All financing accounted for.

    Read the study by Gregor Czisch.

    The KiteGen is also ready in a few month. It's Stem version got an EROEI of 150 while the Carousell configuration will boost that to 1400.
    Not that EROEI matters with technology that easily gets past 10.
    PV is actually around 6-30 month payback time depending on location and technology. Take 50 years runtime and do the math.

    Why would you limit your 100% one source scenario to PV anyways?
    And remember that technology is no finite fuel source.

    One more.

    1. Your claims about costs look wildly optimistic. Here is the 2014 ECOFYS report on European electricity costs and subsidies

      Median LCOE of on-shore wind is about 80 EUR/MWh. Nuclear comes in at around 90-95 EUR/MWh. However as has been repeatedly pointed out LCOE is not a full measure of costs. Intermittency causes extra system level costs.

      All other renewables (except hydro) are more expensive than nuclear. Unfortunately hard coal and gas (run at maximum achievable load factor) remain cheaper than anything except hydro.

  2. Did the studies you site take energy storage, energy needed for a supper grid and other necessary energy inputs into account? If they don't they are incomplete. My main criticism of EROEI is that it is often incomplete and overstated as a consequence. I'll read your studies if you link to them someplace that doesn't have a pay wall. I don't believe nuclear is more expensive then renewable, and in nuclear is to expensive to do I wont start supporting renewable because I don't think they can work. I'd just give up all hope I have for the future. At any rate I wrote another post to respond to your comment.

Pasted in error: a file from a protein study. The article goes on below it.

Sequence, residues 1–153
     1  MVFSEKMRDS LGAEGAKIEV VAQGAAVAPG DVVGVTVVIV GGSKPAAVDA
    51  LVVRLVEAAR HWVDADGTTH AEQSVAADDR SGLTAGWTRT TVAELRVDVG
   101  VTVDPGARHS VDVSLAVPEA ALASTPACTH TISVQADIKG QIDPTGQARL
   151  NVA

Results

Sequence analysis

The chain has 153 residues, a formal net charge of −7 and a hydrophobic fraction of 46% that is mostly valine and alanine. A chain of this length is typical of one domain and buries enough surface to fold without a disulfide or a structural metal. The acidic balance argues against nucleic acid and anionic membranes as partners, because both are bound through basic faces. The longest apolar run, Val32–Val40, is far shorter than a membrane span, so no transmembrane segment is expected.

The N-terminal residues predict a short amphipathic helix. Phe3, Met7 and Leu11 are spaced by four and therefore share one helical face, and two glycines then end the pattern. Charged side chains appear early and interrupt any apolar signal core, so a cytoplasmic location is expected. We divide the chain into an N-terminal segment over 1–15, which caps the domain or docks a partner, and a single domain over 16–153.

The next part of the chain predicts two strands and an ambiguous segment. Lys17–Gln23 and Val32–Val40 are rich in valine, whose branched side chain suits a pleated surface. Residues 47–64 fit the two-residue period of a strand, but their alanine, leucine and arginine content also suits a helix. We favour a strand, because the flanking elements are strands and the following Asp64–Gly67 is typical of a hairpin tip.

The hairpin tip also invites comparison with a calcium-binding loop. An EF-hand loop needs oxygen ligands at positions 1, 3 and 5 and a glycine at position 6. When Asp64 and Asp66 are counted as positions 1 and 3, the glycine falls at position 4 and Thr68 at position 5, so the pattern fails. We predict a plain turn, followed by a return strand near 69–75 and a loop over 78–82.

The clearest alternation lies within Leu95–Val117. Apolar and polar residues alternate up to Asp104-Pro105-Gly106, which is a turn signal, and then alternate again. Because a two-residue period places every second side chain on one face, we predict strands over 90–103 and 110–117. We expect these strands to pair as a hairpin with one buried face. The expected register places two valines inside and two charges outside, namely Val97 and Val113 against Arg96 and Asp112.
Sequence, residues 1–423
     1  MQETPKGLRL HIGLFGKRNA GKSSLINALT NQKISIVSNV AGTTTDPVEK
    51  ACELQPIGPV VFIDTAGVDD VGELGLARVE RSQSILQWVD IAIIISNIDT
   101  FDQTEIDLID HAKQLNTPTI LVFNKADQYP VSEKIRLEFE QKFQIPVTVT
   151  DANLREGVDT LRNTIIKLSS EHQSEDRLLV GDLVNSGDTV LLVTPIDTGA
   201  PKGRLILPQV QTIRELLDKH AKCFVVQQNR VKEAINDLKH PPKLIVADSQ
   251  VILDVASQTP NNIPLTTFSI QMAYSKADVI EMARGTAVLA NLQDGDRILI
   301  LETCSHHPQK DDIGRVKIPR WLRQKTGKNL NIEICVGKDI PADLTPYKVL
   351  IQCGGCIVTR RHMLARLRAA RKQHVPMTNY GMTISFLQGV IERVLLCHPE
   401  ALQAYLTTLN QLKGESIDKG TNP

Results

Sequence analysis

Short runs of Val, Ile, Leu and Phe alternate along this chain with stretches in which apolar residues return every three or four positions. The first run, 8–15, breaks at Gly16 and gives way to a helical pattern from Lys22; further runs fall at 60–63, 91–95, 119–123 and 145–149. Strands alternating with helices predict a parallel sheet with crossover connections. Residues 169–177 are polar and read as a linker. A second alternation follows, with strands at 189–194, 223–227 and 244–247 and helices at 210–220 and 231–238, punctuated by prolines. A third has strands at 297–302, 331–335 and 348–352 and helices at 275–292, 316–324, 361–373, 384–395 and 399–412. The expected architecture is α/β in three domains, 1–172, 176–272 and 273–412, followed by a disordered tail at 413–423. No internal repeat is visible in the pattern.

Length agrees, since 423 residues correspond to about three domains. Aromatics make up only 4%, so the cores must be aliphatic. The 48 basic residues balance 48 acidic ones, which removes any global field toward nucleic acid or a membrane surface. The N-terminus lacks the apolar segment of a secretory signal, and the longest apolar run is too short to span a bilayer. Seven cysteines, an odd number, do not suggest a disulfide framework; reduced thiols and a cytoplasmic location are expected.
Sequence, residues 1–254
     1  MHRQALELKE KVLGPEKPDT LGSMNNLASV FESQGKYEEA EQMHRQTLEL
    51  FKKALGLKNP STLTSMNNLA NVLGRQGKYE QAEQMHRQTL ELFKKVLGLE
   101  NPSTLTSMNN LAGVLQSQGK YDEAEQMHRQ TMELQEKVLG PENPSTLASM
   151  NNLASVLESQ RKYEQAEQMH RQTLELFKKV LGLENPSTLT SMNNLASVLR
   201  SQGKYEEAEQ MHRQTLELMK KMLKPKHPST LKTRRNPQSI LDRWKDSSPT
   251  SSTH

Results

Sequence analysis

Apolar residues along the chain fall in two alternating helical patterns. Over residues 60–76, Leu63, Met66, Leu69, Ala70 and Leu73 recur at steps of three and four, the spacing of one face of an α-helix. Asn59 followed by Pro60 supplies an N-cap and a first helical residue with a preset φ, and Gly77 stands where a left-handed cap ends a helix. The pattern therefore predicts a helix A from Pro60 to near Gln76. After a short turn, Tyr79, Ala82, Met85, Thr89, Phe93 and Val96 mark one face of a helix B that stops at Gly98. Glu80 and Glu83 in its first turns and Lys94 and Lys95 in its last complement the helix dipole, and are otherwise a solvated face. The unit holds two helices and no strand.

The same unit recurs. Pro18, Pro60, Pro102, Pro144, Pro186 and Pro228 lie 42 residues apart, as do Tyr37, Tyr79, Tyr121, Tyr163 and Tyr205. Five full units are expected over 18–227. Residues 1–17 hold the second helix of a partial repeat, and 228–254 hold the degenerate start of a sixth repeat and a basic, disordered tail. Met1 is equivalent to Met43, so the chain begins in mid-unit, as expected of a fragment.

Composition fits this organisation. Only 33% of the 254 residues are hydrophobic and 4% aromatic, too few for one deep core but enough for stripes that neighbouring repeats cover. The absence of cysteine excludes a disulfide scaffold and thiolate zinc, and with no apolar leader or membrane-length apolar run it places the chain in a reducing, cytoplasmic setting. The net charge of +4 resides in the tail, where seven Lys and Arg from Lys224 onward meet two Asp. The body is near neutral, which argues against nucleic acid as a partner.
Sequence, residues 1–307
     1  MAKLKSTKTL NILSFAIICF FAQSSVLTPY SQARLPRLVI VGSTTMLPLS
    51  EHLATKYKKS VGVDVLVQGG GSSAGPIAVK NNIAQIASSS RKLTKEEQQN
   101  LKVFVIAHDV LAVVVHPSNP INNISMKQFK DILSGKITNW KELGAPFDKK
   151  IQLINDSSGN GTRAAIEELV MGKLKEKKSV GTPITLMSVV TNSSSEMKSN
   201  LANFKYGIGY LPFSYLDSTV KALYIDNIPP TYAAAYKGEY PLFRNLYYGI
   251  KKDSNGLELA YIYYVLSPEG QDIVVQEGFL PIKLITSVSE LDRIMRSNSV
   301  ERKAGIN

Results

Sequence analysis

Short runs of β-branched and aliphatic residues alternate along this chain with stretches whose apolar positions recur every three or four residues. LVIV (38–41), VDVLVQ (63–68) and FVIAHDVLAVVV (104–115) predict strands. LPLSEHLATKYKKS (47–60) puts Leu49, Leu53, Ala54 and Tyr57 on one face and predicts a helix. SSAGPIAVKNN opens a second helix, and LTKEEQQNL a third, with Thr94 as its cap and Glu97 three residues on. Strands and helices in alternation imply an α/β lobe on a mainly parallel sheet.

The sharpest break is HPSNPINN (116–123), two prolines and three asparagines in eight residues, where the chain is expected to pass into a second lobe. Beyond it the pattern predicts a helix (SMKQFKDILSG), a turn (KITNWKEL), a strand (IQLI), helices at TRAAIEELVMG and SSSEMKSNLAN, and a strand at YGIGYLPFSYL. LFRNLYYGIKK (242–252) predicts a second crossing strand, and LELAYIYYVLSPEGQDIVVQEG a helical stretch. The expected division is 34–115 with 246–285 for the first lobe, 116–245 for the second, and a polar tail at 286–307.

Also, please read these two as well.

    1. Nothing hidden, all accounted for.
      The Czisch study also takes into account financing besides storage.
      and the study.
      the link to the English translation on wikipedia is dead...
      You could asl Czisch for a copy.

      A new study based on the green-x model.

      Why would it be relevant what we believe?
      This is physics.and economics. You need evidence to back up your believes.

      Is there a complete study on a nuclear grid? I don't think so.

    2. It isn't relevant to the universe what we believe, but it's very relevant to our behavioural. If you want me to support renewable you have to convince me.

      Sometimes need for evidence goes both ways. Bother 100% renewable is feasible, and 100% renewable isn't feasible, are positive statements that require evidence. In my articles I've provided you with some evidence that you haven't really addressed yet.

      Over the last 4 years read many different studies and reports by both sides, and I've become more an more convince that 100% renewable wont work. I'll read the green-x model as well. In turn why don't you read this study that compares nuclear versus renewable grid (and other) costs.

  3. Research needs to continue for solar, wind, storage and (especially) advanced nuclear. I could care less for the LWR which Alvin got fired for advocating against (in favor for MSR) because a Carlington (solar flare) event could render them meltdown prone.
    If solar does continue its price decrease and if batteries continue their price decrease, and if wind continues its price decrease (via larger turbines?), then these will contribute to fossil free in areas where nuclear power is unwanted or unjustified cost wise.
    For sure, we need to concentrate on the best reactor design, which is Transatomic's molten salt reactor that only requires 1.8% fissile for startup!